But there is a shadow looming over this renaissance. Although Internet radio is a relatively new form — listeners have started tuning in to it in significant numbers only within the last five years — the looming inevitability of a time when almost all radio will emanate from the Internet has created a sense of both panic and opportunity in the music business. On one hand, virtually anyone can start broadcasting songs online; on the other, if regulations are set up early enough, these new broadcasters present a much-needed revenue stream.

Under a deal that has been in effect since 2003 Webcasters with annual revenues of less than $1.25 million pay 10 percent of their revenues or 7 percent of expenses to satisfy copyright laws. Larger radio portals like the ones operated by Yahoo and AOL have to pay per song.

But in March the Copyright Royalty Board, a federal panel, issued a ruling allowing SoundExchange, the industry arm that collects royalties for 90 percent of all songwriters, to charge all Webcasters on a per-song basis and raise the cost of playing a song from $.0008 to $.0019 by 2010. For Mr. Draper this meant that his royalty payments would go from $120 a month to $6,500.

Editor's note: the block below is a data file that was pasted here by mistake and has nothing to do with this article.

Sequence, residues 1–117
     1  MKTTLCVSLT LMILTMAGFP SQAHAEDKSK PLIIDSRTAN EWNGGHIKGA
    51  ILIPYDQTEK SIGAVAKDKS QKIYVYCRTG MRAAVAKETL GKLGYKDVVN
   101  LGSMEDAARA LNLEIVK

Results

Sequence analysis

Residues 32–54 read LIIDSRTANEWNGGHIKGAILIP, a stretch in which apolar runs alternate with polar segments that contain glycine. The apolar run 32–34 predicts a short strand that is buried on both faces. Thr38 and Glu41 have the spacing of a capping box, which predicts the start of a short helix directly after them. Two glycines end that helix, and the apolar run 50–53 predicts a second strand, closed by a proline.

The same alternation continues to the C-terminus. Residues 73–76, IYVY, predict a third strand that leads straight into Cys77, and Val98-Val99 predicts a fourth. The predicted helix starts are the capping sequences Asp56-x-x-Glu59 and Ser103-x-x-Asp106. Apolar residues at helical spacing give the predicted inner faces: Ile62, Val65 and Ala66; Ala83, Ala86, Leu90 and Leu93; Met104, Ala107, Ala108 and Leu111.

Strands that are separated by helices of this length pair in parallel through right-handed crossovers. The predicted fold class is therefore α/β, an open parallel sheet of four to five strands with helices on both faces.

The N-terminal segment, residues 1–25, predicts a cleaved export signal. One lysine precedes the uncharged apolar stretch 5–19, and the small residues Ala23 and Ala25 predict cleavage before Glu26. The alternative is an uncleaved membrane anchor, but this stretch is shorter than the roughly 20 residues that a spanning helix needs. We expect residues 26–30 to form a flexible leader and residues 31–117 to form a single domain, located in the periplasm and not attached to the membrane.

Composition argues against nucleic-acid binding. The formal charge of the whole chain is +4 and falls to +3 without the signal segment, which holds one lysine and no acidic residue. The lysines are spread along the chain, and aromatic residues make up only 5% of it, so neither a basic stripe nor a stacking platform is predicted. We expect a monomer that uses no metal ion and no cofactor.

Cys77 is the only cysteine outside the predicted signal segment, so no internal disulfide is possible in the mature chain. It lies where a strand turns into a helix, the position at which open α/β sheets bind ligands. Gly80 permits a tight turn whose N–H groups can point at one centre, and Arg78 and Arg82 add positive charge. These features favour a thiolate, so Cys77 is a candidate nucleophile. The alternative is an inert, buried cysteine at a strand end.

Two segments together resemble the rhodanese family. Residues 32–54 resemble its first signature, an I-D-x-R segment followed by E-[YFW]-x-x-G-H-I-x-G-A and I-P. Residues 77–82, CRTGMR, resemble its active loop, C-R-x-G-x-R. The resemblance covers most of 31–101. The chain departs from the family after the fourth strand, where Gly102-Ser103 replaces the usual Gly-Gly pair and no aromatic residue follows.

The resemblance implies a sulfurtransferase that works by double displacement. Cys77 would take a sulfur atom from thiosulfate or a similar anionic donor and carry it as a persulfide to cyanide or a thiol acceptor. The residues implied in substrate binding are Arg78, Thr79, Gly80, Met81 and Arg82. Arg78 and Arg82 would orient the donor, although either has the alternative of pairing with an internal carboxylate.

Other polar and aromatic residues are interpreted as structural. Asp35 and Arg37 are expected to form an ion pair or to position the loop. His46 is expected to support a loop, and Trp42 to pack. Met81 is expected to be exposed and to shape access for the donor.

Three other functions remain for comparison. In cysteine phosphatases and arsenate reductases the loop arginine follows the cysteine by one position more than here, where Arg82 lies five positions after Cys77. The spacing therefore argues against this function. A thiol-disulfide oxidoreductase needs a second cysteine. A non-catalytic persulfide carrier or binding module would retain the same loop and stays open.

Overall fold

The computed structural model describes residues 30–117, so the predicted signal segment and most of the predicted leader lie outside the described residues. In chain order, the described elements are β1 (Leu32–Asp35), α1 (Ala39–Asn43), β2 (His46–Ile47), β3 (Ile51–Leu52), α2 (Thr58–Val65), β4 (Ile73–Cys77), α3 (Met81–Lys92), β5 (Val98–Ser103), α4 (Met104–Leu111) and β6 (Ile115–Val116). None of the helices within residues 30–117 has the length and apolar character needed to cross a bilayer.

Thanks to a huge fan-driven protest, and the intervention of a handful of influential lawmakers in the House and Senate, SoundExchange backed down. On Aug. 21 it offered to extend much of the current rate structure until 2010, and on Tuesday it announced that about two dozen small Webcasters had agreed to this deal. Others, like Mr. Draper, are holding out, hoping for a long-term solution that will ensure that their hobby will always be affordable.

“There is more drama in this hobby than I ever imagined,” Mr. Draper said.

The whole idea for Atlantic Sound Factory came to Mr. Draper in February 2005. As he recalled, he was sitting in bed with the woman he lives with and announced, “I wonder what it would be like to own a radio station.” After a few days of research it became obvious that buying a terrestrial outlet was ridiculously expensive. But the Web was different. He imported his 200 CDs into his iTunes folder, loaded some inexpensive software to help keep it running for hours and connected it to his home DSL line. Then he went live.